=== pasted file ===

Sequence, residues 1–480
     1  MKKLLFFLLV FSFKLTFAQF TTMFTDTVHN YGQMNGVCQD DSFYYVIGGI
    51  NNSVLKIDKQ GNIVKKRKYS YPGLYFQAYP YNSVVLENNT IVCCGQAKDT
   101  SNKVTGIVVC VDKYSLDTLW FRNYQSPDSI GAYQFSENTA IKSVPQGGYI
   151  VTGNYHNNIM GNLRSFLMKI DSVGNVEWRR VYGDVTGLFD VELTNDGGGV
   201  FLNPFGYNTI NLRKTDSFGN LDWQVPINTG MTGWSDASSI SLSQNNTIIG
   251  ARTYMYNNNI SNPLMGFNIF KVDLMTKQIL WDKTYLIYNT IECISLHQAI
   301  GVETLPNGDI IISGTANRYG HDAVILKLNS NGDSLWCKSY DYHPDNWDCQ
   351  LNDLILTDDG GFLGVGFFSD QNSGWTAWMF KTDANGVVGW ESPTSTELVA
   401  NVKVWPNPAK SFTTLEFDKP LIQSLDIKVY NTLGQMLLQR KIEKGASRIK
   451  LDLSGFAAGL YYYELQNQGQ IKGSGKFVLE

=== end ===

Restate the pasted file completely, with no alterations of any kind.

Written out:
Sequence, residues 1–480
     1  MKKLLFFLLV FSFKLTFAQF TTMFTDTVHN YGQMNGVCQD DSFYYVIGGI
    51  NNSVLKIDKQ GNIVKKRKYS YPGLYFQAYP YNSVVLENNT IVCCGQAKDT
   101  SNKVTGIVVC VDKYSLDTLW FRNYQSPDSI GAYQFSENTA IKSVPQGGYI
   151  VTGNYHNNIM GNLRSFLMKI DSVGNVEWRR VYGDVTGLFD VELTNDGGGV
   201  FLNPFGYNTI NLRKTDSFGN LDWQVPINTG MTGWSDASSI SLSQNNTIIG
   251  ARTYMYNNNI SNPLMGFNIF KVDLMTKQIL WDKTYLIYNT IECISLHQAI
   301  GVETLPNGDI IISGTANRYG HDAVILKLNS NGDSLWCKSY DYHPDNWDCQ
   351  LNDLILTDDG GFLGVGFFSD QNSGWTAWMF KTDANGVVGW ESPTSTELVA
   401  NVKVWPNPAK SFTTLEFDKP LIQSLDIKVY NTLGQMLLQR KIEKGASRIK
   451  LDLSGFAAGL YYYELQNQGQ IKGSGKFVLE